Duncan and Son: changing professional boundaries in the geological and medical sciences in the nineteenth and twentieth centuries
Tim Carter, Anne Spurgeon, 2017. "Duncan and Son: changing professional boundaries in the geological and medical sciences in the nineteenth and twentieth centuries", Geology and Medicine: Historical Connections, C.J. Duffin, C. Gardner-Thorpe, R. T. J. Moody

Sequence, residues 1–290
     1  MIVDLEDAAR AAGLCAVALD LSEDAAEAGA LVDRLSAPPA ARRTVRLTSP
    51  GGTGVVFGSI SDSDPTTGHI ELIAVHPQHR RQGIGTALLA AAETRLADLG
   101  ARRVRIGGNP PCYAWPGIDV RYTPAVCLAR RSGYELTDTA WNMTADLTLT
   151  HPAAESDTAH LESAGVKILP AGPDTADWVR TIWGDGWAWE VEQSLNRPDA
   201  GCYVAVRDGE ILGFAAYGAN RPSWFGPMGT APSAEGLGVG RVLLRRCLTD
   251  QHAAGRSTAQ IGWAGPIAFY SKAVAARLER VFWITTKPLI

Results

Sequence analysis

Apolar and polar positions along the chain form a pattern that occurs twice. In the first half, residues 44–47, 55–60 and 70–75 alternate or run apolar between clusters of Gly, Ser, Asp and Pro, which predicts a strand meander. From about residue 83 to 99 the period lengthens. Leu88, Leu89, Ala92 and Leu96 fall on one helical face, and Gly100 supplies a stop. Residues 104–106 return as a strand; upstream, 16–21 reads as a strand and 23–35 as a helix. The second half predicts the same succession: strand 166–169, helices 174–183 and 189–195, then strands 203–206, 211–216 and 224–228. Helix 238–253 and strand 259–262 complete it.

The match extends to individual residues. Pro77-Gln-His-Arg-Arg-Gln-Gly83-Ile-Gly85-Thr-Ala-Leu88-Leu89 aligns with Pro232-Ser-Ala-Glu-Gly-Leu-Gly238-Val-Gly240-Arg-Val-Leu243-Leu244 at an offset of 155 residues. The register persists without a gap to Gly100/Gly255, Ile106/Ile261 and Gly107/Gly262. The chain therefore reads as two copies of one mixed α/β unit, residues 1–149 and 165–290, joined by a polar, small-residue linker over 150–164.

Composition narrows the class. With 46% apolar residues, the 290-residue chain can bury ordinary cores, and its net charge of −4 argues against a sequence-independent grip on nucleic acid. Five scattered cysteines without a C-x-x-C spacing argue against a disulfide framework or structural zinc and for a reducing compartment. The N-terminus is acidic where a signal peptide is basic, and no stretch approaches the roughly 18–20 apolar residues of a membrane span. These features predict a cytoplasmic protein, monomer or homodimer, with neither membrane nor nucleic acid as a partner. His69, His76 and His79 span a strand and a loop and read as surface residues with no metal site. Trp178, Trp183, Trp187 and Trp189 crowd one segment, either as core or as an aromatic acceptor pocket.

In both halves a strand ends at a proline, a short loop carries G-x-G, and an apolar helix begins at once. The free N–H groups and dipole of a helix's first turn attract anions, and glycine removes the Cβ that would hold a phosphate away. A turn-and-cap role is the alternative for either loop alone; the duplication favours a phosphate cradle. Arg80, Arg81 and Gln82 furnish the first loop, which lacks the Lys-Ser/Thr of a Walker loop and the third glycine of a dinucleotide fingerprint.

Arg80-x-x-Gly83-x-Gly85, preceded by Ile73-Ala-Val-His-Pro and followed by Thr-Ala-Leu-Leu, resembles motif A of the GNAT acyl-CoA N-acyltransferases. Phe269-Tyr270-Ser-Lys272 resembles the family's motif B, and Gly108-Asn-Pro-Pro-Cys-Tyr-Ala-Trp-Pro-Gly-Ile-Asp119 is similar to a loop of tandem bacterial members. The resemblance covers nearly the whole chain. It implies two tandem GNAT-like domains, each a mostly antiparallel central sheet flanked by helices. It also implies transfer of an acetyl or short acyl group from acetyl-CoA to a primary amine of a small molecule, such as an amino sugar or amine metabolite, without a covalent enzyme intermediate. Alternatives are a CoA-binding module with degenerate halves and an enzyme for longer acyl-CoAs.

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The concept of the professional changed markedly from the mid-nineteenth to the early twentieth century. The contrasting careers of Peter Martin Duncan, father, and Cecil Cooke Duncan, son, provide a vignette of these changes in two people who were both actively engaged in geological and medical activities. Peter Martin trained as a doctor and practised for some 20 years. He later became Professor of Geology at Kings College, London and both Secretary and President of the Geological Society. He was a prolific author of both learned articles and books on science for the general public. In his time it was acceptable to combine all these roles into a single career. Cecil trained as a chemist. His career was as the public analyst in Worcester at a time when these posts were becoming professionalized. He contributed to control of health risks in the county. To him geology and natural history were serious leisure pastimes rather than part of his professionally defined career. Father and son therefore show the move from the time when there were fluid disciplinary boundaries to one where a single professional discipline defined and bounded working life and other areas of study became a matter for non-working hours.